§ Sixth Resolution read a Second time.
§ Motion made, and Question proposed, "That this House does agree with the Committee in the said Resolution."
§ Colonel Stanley
I want to ask the right hon. Gentleman why it is necessary to have an appointed day dealing particularly with the purpose of Part IV of the Finance Act, 1944. As I read it, this particular reference is to the allowance made in future to money spent upon scientific research, and under the Act referred to no refund will be payable in respect of any expenditure made for the 487 purposes set out in that Section connected with scientific research if made before the appointed day. This provision was introduced as far back as the Budget of 1944 and I cannot for the life of me understand why it is necessary to fix the appointed day so late. It means that anyone who has some scheme for expenditure on scientific research has every incentive not to push it through as quickly as he can, but to put it off until April, for it is only after April that he will be able to claim the allowances referred to in the Resolution. I cannot understand why it is necessary to have an appointed day and I shall be grateful for an explanation.
§ Mr. Glenvil Hall
The explanation is that this again is a "slop-over," if I may use the phrase, from the last Budget. This Resolution appeared there and also in the Income Tax Bill and the date was fixed by the then Chancellor of the Exchequer, who is a member of the right hon. and gallant Gentleman's party. [An Hon. Member: "No, he is not."] He sits on that side of the House. As the right hon. and gallant Gentleman very properly said, this writing off of allowances for Income Tax purposes of various kinds is to meet capital expenditure by productive industries, and the legislation was embodied in the enactment mentioned in the Resolution in advance of the end of the war on the full understanding that it would not come into effect until the war was over. It was felt—and in my view quite properly—that industry was entitled to know what it might expect and, therefore, this legislation was passed on the very proper understanding that it would not be possible, as it was a contribution towards modernisation and new equipment, to put this into effect until after the war. That being so the allowances should not become available and payable until then. The war with Germany finished last May and the war with Japan some time later in the year, and that being so the obvious date from which these allowances should begin to run is 6th April next, and that is the date which has been fixed in the Resolution.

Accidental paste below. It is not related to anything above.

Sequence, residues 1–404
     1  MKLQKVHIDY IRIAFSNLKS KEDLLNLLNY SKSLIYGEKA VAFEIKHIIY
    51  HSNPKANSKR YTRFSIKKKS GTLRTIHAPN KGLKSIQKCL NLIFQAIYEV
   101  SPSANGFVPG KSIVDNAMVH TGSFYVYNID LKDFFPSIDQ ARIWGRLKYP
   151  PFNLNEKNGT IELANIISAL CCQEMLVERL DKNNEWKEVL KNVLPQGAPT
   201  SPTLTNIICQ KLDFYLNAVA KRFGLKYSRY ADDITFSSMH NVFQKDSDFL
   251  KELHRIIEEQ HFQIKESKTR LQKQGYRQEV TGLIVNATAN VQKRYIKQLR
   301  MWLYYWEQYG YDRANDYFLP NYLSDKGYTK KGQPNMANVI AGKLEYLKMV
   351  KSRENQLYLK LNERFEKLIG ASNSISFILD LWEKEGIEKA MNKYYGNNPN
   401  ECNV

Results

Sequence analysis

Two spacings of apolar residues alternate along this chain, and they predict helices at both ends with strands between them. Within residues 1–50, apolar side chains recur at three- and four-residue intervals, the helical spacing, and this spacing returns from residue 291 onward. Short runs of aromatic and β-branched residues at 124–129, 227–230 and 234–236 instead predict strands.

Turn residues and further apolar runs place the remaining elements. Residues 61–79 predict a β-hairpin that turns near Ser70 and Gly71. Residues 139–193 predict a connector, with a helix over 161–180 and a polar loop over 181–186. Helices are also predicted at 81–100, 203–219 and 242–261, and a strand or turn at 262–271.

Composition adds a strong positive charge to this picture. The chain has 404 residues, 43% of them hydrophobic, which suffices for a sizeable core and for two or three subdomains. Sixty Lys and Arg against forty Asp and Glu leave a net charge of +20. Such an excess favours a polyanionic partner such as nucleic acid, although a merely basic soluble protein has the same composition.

§ Viscount Hinchingbrooke
I think that this is a very unsatisfactory reply indeed. As the right hon. Gentleman has pointed out, firms now will be wanting to decide upon expenditure on scientific research 488 from this day onwards. They will be considering building and equipment and new processes and are they not to be allowed to set off against Income Tax any of this expenditure? I did not understand from the right hon. Gentleman's explanation why the Government have not appointed a day already. It was considered in the Finance Act of this summer and, surely, it would have been possible to fix a day, say, 1st September or the 1st of this month, from which such expenditure would be allowed. It is altogether an unsatisfactory reply and I think that the right hon. Gentleman can expect those of us suffering on this side of the House to take some action in the matter.
§ Mr. Dalton
Perhaps it will save time if I give an undertaking to look into it. It is a matter which, as my hon. Friend properly said, we have taken over from my distinguished predecessor, who I am told is not a member of the Conservative Party but who remains my distinguished predecessor none the less, and this was his idea. As to the timing, I will undertake to look into it and see whether there are any difficulties, as there may well be, in advancing the date.
§ Question, "That this House doth agree with the Committee in the said Resolution," put, and agreed to.